Longer commentary supplied in course evaluations by students allows for more active responses by professors. Optimal course evaluations include a limited number of questions, which means that, in order to get a more comprehensive understanding of student insights from the survey, respondents need to provide open-ended commentary. Conducting course evaluations online encourages students to contribute additional insights and supplies more constructive feedback for teachers.
3. Offer Greater Accessibility
Most course evaluations are administered online, and with good reason. Electronic survey collection platforms offer greater flexibility for students to complete the evaluations outside of the classroom. They also allow a respondent to take all the time they need – they can take breaks, spend time thinking about their answers, and dedicate a longer period for writing their responses. Additionally, they avoid the stress of completing their evaluation first or last and making their response easier to identify.
4. Encourage Self-Reflection
Students and teachers alike benefit from course evaluations because of the necessary self-refection. In order to provide meaningful feedback, students must consider both their instructor's performance and the demonstrated commitment they had to the course. Respondents reflect on their performance throughout the term to determine which aspects of the course they enjoyed and disliked, while factoring in how their attitude and performance impacted those experiences. This allows them to provide constructive feedback for their professors and brainstorm how they can perform better as a student in the next term.
Constructive feedback allows professors to reflect on their performance throughout the term. Newer instructors with limited teaching experience especially benefit from the evaluations. Instructors can compare their own assessment of their performance with the feedback provided by their students to more accurately determine the effectiveness of their efforts throughout the term. Well-made evaluations create actionable goals for instructors to help them develop and grow over time.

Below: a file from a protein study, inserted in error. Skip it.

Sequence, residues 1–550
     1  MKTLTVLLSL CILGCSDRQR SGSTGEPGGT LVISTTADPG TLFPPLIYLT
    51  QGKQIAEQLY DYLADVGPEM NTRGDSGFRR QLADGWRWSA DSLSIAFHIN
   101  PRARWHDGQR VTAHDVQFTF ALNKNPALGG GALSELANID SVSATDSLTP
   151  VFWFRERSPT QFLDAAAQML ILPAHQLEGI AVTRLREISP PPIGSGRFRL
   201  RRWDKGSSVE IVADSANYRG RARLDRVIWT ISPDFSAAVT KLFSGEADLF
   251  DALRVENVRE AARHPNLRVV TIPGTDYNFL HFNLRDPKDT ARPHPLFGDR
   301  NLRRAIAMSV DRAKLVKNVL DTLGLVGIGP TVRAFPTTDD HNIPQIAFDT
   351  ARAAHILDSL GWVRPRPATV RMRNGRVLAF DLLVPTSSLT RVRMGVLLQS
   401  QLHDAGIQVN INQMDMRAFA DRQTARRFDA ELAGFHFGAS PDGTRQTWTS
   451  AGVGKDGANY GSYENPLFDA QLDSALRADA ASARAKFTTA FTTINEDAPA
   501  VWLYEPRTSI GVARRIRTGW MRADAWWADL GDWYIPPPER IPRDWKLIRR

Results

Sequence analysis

5. Reduce Cost and Environmental Impact
Online course evaluations are much more environmentally friendly than their paper counterparts. Printing hundreds of evaluations uses significant amounts of paper, and students are becoming increasingly environmentally conscious. Many schools also have a commitment to environmentally sustainable practices, so you can uphold this statement by opting for online course evaluations. Paper evaluations also cost much more than an online survey platform. Save money by implementing efficient virtual course evaluations.
Loose paper also gets misplaced or lost easily, which means that students must either complete the evaluation during valuable class time or keep careful track of the paper. When the sheets get lost, either the school uses more funds to replace them or forfeits the feedback. Many students likely avoid requesting a new copy of the evaluation sheet, which means that they opt out of submitting an evaluation altogether.
6. Acquire Metrics for Teacher Evaluation
While short-term goal setting and self-reflection offers great benefits for students and teachers alike, course evaluations collected over time also provide a metric for long-term instructor evaluation. Faculty may refer to the course evaluations for a newer instructor or individual with less teaching experience to determine whether they are prepared for advancement. Combined with other types of evaluation, such as in situ observation, course evaluation surveys provide valuable insights for contract renewal considerations and advancement opportunities.
Course evaluations also come into play for tenure-track faculty who may be considered for promotions. The most important factor for determining an instructor's effectiveness in the classroom boils down to overall trends. Student feedback contributes to these evaluation metrics and may also complement other factors like general score trends and patterns for specific courses.